The second stage was primarily influenced by the Torre Valley dialect. Open *ē and *ō became close-mid *ẹ̄2 and *ọ̄2 (in contrast to previously existing *ẹ̄1 and *ọ̄1). Short *ə turned into *a, *ĺ turned into *, *w started turning into *v before front vowels, and *ł turned into *l. This connection also hindered some developments, such as *tč, the *ženȁ > *žèna shift, and the *məglȁ > *mə̀gla shift, which are present today in the Gail Valley dialect, but not in Resian. Final -m in most cases also turned into -n, a feature that also appeared in the Gail Valley dialect. The dialect also devoiced all final obstruents.[39]

Third stage

Resian lost both tonal and length oppositions, which is unlike any neighboring dialect. The diphthongs * and * monophthongized into *í2 and *ú2, respectively, forming a vowel system without diphthongs, another feature of Resian not seen in any neighboring dialects. The vowels *ọ́1 and *ẹ́1 turned into and , which might have actually happened before *ọ́2 and *ẹ́2. Now only *ọ́ and *ẹ́ turned into *i and *u near a nasal consonant. Other changes did not cover the entire territory. The vowels *í1 and *ú1 from previously longer syllables turned into and , except in San Giorno (Bila, Bela), where previously short *í1 and *ú1 turned into centralized vowels, whereas elsewhere they turned into e and o. Syllabic *ł̥́ mostly turned into ol, except in Oseacco (Osoanë, Osojane) and Uccea (Učja), where it turned into ú. The consonant *ɣ then turned into h, or even disappeared. Other changes are specific to each microdialect.[39]


Resian retained neuter gender, as well as some dual forms. It uses the long infinitive without the final -i.

Its special feature is the distinction between animate and inanimate masculine o-stem nouns in more than just the accusative case; the distinction is also present in the dative and locative singular. In the locative, the ending -u can be used for both animate and inanimate, whereas the ending - is generally reserved for inanimate nouns. In the dative, animate nouns have the ending -ovi/-evi. Specific to Resian are also special unstressed forms for pronouns in the nominative case—for example, ja 'I'—as well as clitic doubling; for example, Ja si ti rë́kal tabë́. 'I told you'. It also has two stressed first-person singular pronouns, jä́ and jä́s, the second being used to be more conceited. Atypical for a Slavic language, Resian also has a definite article (masculine te, feminine ta; the only standard Slavic languages to contain definite articles are Bulgarian and Macedonian) and an indefinite article. It retained the aorist and imperfect until recently, which is unlike (other) Slovene dialects. The aorist is completely unknown to living generations but it was still present in the 19th century, whereas the imperfect is actively used only with a handful of verbs and is now mostly used as a past conditional.[40]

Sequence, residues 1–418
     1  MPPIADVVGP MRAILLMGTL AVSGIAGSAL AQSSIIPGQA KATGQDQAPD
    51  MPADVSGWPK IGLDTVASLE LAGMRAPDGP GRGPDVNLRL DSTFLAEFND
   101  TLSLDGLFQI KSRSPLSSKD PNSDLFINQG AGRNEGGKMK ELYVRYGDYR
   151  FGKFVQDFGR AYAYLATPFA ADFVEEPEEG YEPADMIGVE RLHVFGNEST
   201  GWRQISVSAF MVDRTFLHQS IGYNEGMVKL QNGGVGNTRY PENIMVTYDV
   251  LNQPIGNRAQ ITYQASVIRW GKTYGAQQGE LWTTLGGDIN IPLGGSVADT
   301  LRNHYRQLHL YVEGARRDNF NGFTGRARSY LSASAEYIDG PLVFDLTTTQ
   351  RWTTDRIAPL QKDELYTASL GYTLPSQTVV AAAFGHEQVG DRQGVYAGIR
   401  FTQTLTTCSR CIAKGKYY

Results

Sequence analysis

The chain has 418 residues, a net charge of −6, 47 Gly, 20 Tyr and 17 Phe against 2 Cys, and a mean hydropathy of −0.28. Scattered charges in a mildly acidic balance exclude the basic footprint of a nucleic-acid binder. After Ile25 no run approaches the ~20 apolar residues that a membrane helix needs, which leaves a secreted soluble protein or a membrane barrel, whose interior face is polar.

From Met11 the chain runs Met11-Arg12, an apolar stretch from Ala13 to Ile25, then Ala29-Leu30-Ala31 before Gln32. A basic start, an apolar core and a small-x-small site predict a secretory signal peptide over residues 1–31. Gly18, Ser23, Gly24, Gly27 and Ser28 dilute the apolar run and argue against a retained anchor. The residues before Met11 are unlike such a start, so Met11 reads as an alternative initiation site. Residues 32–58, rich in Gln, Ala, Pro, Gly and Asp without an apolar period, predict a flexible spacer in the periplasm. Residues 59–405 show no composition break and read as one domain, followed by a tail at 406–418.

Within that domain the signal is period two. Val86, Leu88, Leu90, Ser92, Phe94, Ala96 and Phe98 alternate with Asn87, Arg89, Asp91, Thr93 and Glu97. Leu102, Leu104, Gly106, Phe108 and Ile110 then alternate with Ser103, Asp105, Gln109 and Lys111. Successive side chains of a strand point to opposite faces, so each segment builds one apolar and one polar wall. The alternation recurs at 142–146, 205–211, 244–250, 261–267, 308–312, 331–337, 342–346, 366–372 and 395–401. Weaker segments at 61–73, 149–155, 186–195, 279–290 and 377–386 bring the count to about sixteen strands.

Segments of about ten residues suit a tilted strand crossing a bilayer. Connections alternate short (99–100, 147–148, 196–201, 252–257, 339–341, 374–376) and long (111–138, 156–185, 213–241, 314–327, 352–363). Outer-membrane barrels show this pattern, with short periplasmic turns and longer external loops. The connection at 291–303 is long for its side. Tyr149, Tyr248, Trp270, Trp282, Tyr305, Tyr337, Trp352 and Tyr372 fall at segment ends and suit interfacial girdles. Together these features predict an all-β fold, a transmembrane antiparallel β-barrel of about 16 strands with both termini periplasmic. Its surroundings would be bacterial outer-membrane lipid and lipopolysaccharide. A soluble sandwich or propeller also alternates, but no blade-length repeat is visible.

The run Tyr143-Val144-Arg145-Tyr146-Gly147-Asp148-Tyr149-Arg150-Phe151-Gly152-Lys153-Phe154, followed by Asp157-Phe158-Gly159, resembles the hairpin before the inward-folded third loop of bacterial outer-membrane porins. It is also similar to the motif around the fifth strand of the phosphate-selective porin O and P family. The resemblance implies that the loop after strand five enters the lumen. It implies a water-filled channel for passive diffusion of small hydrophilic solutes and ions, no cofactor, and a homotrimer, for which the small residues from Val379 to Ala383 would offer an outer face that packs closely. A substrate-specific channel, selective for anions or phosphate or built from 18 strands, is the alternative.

The standard orthography, devised in 1994 by Han Steenwijk, which is still in use today, has 34 letters for Gniva (Njïwa, Njiva) and Oseacco (Osoanë, Osojane), whereas the other two standard forms have an additional letter, ⟨y⟩.

The alphabet contains the letter w, a letter that few Slavic languages use (only Polish, Kashubian, and Upper and Lower Sorbian). According to the Italian linguist Bartoli, this grapheme is characteristic of the Ladin language of the eastern Alps and indicates the native Neolatin population's strong influence on Resian.

The standard orthography uses only the letters of the ISO basic Latin alphabet plus eleven other letters, which are letters from the ISO basic Latin alphabet with added acute, caron, or diaeresis:[13]

Letter Phoneme:

San Giorno (Bila, Bela) standard version

Example word Pronunciation
A a /a/ parjät 'to seem' [parˈjɐt] parjät
Ä ä /ɐ/ tatä 'aunt' [taˈtɐ] tatä
B b /b/ baba 'grandma' [ˈbaba] bába
C c /ts/ cöta 'cloth' [ˈt͡sɵta] cö́a
Č č /tʃ/ čäs 'time' [ˈt͡ʃɐs] čäs
Ć ć /c/ ćamïn 'chimney' [caˈmɨn] ćamïn
D d /d/ sidët 'to sit' [siˈdət] sidët
E e /ɛ/ maještra 'teacher' [maˈjɛʃtra] majéštra
Ë ë /ə/ 'where' [ˈkə]
F f /f/ fïn 'thin' [ˈfɨn] fïn
G g /g/ goba 'mushroom' [ˈgɔba] góba
Ǧ ǧ /dʒ/ ǧelato 'ice cream' [ˈdʒɛlatɔ] ǧeláto
Ǵ ǵ /ɟ/ ǵanaral 'general' [ɟanaˈral] ǵanarál
H h /x/ mihak 'soft' [ˈmixak] míhak
I i /i/ paǵina 'page' [ˈpaɟina] páǵina
Ï ï /ɨ/ pïsat 'to write' [ˈpɨsat] pïsat
J j /j/ jüšt 'right' [ˈjʉʃt] jüšt
K k /k/ kjüč 'key' [ˈkjʉt͡ʃ] kjüč
L l /l/ listyt 'to fly' [lisˈtə̝t] listýt
M m /m/ mama 'mom' [ˈmama] máma
N n /n/ natik 'fast' [naˈtik] natík
O o /ɔ/ parsona 'person' [parˈsɔna] parsóna
Ö ö /ɵ/ patök 'stream' [paˈtɵk] patök
P p /p/ grüpo 'group' [ˈgɾʉpɔ] grüpo
R r /r/ dyržat 'to hold' [ˈdə̝rʒat] dýržat
S s /s/ sam 'alone' [ˈsam] sám
Š š /ʃ/ šëjst 'six' [ˈʃəjst] šëjst
T t /t/ tatä 'aunt' [taˈtɐ] tatä́
U u /u/ klubük 'hat' [kluˈbʉk] klubük
Ü ü /ʉ/ cükër 'sugar' [ˈt͡sʉkər] cükër
V v /ʋ/ vys 'village' [ˈʋə̝s] výs
W w /w/ wïža 'song' [ˈwɨʒa] wïža
Y y /ə̝/ byt 'to be' [ˈbə̝t] být
Z z /z/ zalën 'green' [zaˈlən] zalë́n
Ž Ž /ʒ/ žanä 'woman' [ʒaˈnɐ] žanä
A bilingual sign in Italian and Resian in the Resia Valley. The name is not adapted to the new orthography, and the name should be spelled Bila.

Previously, the phoneme /ts/ could optionally also be written with ⟨z⟩ (e.g., Ravanza instead of Ravanca); however that is found inappropriate today. Despite the standard orthography, many street signs are still not adapted to the new orthography and have misspelled names on them.[19]

In addition, the acute accent ( ´ ) can be used to mark stress where it cannot be inferred.